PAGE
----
Today’s scripture reading is Genesis 9-10, Psalm 5, and Matthew 5. Genesis 9 is the focus of today’s devotional.
Accepting Noah’s sacrifice, God set a rainbow in the sky, a symbol of His covenant with man to never again destroy the earth with universal floodwaters (Genesis 9:11-13).
Noah became a farmer after the flood and planted a vineyard (Genesis 9:20), contenting himself with the fruit of his labor. Sadly, we are soon reminded the best of men are sinners. The juice made from the grapes of Noah’s vineyard fermented and he became drunk. Unconscious of his drunken condition, Noah exposed himself and Ham “saw [i.e. a mocking, scornful gaze] the nakedness of his father” (Genesis 9:22).
Awakening from his drunken stupor, Ham’s scorn enraged Noah who cursed his son with a prophecy that has shadowed his lineage… “a servant of servants shall he[Ham and his lineage] be unto his brethren[the descendants of Shen and Japheth] (Genesis 9:26-27).
Many have observed a man’s flaws are oft exposed in the wake of his greatest victory. In Noah’s case, that observation proves true. Before the flood, he was a man who “walked with God”; a faithful preacher and servant of God. After the flood, he let down his guard and became drunk with wine.
We might conjecture Noah’s physical strength was failing, for he was an elderly man. Perhaps his wife had died and his sons, occupied with tending their lands and raising their families, left Noah a lonely man. Whatever the reason, Noah marked his last days with a moral failure and the sorrow of a son who held him in contempt.
We find a lesson and a warning here for all, but especially those who have guarded their testimonies and served the LORD faithfully.
Noah lived an unblemished life, but one moral lapse in judgment forever affected his testimony.
The greatest of men are not above temptation (Genesis 9:21). Noah’s drunkenness was a spiritual and moral failure that damaged his relationship with his sons.
A man’s moral vulnerability is often exposed at the pinnacle of his achievements. Samson withstood the assault of thousands of Philistines, only to fall morally under the spell of one woman, Delilah. King David was at the height of his power and popularity, when he spied Bathsheba bathing and committed adultery. Noah, his name and reputation synonymous with God’s grace and judgment, goes to his grave remembered for his drunkenness.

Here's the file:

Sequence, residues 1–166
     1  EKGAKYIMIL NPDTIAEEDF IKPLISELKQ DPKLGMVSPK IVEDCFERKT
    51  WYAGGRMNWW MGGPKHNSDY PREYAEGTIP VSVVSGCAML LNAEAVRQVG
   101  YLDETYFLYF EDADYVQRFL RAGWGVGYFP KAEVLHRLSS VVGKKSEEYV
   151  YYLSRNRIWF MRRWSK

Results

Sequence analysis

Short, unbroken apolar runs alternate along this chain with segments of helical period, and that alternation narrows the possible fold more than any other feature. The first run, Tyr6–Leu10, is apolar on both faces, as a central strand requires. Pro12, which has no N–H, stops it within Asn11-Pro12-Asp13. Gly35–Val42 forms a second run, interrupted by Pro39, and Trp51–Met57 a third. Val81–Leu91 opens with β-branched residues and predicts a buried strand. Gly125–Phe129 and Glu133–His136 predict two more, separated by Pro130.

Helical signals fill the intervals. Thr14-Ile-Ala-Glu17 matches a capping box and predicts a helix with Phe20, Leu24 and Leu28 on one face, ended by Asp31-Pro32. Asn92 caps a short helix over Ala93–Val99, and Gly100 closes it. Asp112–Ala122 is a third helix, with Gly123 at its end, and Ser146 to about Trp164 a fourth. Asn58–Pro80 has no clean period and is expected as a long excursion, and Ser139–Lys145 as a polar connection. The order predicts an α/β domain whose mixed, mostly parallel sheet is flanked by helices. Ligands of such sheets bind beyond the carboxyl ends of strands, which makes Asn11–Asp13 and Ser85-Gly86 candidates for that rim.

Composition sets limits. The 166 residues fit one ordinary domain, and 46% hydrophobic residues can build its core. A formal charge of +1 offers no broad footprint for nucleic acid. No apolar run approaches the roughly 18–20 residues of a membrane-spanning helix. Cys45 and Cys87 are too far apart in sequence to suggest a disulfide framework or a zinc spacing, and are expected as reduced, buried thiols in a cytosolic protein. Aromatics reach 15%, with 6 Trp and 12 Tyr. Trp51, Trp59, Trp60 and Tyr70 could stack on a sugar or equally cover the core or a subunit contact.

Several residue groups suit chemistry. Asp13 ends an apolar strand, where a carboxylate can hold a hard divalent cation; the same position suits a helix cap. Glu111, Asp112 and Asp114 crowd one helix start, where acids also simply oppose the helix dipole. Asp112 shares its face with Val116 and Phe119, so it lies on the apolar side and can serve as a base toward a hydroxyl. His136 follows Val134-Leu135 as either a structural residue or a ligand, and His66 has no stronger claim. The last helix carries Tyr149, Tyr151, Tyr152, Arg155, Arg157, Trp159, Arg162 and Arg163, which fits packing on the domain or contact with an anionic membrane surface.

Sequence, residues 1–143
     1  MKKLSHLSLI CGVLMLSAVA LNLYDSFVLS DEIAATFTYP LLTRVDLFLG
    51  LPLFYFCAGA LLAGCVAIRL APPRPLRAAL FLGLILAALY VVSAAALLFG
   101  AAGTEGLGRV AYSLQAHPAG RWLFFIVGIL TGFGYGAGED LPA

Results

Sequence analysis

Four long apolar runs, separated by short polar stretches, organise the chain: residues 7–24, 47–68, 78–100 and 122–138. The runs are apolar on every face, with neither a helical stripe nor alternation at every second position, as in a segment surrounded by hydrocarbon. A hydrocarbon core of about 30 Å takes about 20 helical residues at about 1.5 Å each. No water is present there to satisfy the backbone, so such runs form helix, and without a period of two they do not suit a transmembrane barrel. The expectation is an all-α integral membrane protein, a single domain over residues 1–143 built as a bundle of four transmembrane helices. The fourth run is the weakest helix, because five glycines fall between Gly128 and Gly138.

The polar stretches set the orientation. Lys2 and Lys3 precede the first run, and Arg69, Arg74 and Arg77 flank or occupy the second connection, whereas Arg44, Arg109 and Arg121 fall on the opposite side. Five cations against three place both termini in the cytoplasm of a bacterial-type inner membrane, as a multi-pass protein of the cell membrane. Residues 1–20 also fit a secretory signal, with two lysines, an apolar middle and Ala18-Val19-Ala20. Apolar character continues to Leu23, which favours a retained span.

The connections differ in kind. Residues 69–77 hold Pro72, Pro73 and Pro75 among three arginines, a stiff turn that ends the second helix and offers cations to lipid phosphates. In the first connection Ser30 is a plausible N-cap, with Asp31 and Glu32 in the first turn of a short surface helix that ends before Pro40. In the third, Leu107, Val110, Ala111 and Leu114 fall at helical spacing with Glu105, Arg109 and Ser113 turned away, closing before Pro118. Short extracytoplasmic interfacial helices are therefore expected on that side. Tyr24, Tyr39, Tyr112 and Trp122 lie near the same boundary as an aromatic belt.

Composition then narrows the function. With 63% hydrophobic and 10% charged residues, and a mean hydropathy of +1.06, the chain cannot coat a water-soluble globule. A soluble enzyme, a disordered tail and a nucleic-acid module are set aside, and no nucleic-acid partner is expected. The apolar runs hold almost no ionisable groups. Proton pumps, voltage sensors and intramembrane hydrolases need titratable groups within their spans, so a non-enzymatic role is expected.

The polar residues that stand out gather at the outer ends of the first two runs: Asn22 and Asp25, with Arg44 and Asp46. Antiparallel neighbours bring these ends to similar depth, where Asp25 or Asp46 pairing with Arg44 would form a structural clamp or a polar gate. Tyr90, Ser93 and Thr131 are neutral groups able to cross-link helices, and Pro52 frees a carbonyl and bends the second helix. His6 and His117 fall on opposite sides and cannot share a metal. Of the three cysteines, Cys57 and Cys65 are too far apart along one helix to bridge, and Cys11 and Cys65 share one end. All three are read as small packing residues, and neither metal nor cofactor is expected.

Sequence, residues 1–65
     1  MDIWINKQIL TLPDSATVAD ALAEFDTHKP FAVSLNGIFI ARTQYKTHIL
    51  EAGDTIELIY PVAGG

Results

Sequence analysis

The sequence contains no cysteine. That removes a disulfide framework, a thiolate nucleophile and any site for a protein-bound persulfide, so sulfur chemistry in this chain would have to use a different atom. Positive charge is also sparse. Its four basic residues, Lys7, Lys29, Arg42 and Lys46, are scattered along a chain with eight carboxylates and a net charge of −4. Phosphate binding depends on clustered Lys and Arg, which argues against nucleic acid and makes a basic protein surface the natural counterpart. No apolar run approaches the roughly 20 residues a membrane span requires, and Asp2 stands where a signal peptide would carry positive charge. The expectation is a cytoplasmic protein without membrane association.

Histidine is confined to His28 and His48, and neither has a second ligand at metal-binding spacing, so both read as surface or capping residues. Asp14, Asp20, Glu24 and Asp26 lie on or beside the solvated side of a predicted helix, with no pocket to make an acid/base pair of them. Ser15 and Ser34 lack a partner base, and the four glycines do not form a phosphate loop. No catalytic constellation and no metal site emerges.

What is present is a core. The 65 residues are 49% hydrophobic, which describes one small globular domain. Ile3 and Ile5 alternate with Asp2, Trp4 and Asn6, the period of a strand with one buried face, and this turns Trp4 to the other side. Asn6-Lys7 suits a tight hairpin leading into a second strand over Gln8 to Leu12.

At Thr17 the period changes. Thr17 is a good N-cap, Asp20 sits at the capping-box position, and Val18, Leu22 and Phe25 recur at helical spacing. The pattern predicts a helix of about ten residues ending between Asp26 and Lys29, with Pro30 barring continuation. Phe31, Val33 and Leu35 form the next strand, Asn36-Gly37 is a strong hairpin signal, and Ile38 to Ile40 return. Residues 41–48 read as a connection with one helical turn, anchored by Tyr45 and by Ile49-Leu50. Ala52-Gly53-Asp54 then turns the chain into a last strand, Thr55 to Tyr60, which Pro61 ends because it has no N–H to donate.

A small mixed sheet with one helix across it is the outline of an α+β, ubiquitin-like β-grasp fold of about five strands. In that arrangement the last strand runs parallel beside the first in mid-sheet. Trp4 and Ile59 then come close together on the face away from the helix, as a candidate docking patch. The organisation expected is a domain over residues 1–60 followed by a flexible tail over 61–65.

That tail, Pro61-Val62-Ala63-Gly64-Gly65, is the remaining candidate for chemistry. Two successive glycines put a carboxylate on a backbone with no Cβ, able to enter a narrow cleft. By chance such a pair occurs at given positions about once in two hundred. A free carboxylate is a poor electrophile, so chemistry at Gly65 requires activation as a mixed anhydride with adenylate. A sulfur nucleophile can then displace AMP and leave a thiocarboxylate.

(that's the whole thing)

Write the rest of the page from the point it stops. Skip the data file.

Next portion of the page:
1 Corinthians 10:12– Wherefore let him that thinketh he standeth take heed lest he fall.
Given the recent resurrection of “social drinking” in our churches and some so-called “evangelical Christians” who defend indulging in alcoholic use, Solomon’s admonitions in today’s proverbs serve as a warning to all who promote the folly of imbibing.
Having warned his son concerning the destructive end of the man who falls prey to sexual lusts in the verses preceding today’s devotional proverbs (Proverbs 23:26-28), Solomon admonishes his son concerning the dangers, sorrows and destructive end of intoxicating drink. The king’s discourse on wine and drink in this chapter is the longest recorded in the book of Proverbs; however, it is not the only record of Solomon’s thoughts or experience with strong drink. Let’s allow the king to give his own testimony of the folly of strong drink from other proverbs before addressing today’s proverbs.
Proverbs 20:1 – “Wine [fermented wine]is a mocker[scorner; holds in derision], strong drink[intoxicating; alcohol]is raging[roar; troubled; clamorous]: and whosoever is deceived [stray; mislead]thereby is not wise[almost always condemned].”
Proverbs 23:20-21 – “Be not among winebibbers [drunken; heavy drinkers]; among riotous eaters[gluttons; squanderers] of flesh: 21For the drunkard and the glutton shall come to poverty[driven to poverty]: and drowsiness [sleepiness; indolence; slumber]shall clothe[dress]a man with rags.”